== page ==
Wednesday, 17 July 2013

Bashir leaves Nigeria as international communities call for his arrest.




Sudan's president, wanted for war crimes, makes a hastily exit from country but embassy spokesman denies it was over new Nigeria lawsuit.


New Generation Africa understands the flying visit or hasty departure of the Sudanese President from Nigeria may be related to the feeling of unease of the host Country amid calls from the International communities for his arrest for War Crimes committed against his people. 
However the Sudanese embassy spokesman Mohammed Moiz told the AFP news agency on Monday night: ""He has left. He left in the afternoon."
Earlier, a Sudanese diplomat, who would not give his name, told the AP news agency that Bashir had left at 3pm local time on Monday, less than 24 hours after he arrived, and in the middle of a two-day summit ending on Tuesday.
Moiz and the diplomat denied that Bashir's sudden departure was because human rights lawyers in Nigeria had filed a lawsuit on Monday to try to compel the government to detain Bashir and surrender him to the International Criminal Court (ICC) for trial on charges of war crimes committed in Sudan's Darfur conflict.
The embassy spokesman said the president had another engagement.
A civil rights group had also urgently appealed to the ICC to refer the government to the UN Security Council for allowing the visit.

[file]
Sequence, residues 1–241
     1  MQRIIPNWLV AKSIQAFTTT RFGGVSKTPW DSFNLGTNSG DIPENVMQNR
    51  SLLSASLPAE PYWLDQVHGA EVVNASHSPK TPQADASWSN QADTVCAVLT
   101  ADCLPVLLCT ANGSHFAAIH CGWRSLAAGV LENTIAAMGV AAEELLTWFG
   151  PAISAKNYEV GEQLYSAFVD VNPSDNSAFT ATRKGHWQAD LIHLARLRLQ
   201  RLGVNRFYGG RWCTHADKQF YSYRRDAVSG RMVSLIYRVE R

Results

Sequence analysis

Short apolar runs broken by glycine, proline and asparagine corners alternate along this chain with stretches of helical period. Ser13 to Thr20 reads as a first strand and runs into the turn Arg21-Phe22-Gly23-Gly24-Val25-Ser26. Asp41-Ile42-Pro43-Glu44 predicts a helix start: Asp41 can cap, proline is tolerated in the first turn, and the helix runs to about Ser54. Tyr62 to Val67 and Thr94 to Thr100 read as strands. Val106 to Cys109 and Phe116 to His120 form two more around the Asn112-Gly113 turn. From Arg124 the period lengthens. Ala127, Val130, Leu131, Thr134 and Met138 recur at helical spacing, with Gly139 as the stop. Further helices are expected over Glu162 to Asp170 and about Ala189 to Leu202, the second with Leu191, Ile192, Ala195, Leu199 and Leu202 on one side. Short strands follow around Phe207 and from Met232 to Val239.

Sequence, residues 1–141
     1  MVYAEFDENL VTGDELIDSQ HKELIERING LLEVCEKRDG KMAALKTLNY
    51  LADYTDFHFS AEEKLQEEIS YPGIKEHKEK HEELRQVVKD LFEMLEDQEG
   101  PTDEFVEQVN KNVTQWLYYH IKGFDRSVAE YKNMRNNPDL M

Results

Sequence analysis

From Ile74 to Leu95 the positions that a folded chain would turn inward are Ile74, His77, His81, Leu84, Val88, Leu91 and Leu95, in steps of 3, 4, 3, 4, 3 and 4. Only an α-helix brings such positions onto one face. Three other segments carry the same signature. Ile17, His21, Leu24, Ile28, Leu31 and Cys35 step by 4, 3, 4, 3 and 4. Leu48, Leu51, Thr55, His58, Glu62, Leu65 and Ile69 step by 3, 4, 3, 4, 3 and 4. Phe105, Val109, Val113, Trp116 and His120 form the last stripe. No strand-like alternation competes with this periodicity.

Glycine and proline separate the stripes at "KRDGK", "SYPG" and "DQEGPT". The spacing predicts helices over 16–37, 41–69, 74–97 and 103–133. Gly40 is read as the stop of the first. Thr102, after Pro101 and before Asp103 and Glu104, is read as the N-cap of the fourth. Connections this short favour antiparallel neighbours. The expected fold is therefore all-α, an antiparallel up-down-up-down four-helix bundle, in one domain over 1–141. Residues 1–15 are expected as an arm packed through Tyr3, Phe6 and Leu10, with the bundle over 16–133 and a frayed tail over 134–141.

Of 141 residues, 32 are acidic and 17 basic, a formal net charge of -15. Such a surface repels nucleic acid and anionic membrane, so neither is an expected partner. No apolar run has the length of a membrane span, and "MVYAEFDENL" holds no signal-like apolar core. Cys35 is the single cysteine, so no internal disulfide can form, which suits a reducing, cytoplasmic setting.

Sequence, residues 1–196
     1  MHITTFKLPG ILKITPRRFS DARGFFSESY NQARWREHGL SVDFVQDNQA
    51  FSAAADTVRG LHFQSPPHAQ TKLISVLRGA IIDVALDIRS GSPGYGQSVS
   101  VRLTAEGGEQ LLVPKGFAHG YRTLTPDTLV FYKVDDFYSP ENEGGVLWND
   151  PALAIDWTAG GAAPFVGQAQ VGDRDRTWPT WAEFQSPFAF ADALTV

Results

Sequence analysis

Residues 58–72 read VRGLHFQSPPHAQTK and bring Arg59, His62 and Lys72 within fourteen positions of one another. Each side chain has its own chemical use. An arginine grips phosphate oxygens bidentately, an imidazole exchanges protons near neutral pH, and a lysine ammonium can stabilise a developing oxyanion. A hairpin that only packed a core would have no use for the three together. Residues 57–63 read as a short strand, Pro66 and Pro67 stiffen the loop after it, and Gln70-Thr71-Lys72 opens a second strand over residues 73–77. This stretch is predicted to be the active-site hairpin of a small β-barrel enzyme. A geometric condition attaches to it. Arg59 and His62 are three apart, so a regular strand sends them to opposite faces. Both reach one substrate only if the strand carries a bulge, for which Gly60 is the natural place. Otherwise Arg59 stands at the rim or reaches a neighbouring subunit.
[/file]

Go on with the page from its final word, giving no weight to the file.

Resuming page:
Bashir had arrived in Nigeria on Sunday for an African Union summit on HIV and AIDS, angering human rights groups who said he should not have been made welcome.
Nigeria defends welcome
Nigeria's presidency defended welcoming Bashir to the country for the summit in spite of the war crimes charges against him.
The presidential spokesman Reuben Abati told AP that Bashir had come to attend the African Union summit, and not at Nigeria's invitation.
He said Nigeria's action in allowing him to come was in line with instructions from the African Union, which has told its 53 member states not to co-operate with the European-based court which some accuse of targeting Africans.
The ICC issued two warrants against Bashir in 2009 and 2010 for war crimes, crimes against humanity and genocide over the conflict in Sudan's Darfur region.
Since Nigeria is a member of the ICC, it technically has a legal obligation to arrest suspects wanted by the court.
Some African Union members and officials have criticised the Bashir indictments, and the body has passed a resolution that called on its members not to co-operate with the warrants.
Leaders from eight other African countries are attending the summit, including Kenya, which has shunned al-Bashir.
South Africa, Malawi, Uganda, Kenya, Zambia, and Central Africa Republic "have specifically made clear Bashir will be arrested on their territory, seen to it that other Sudanese officials visit instead of Bashir, relocated conferences or otherwise avoided his visits,'' said human rights lawyer Chino Obiagwu, who heads the Nigerian Coalition on the ICC.

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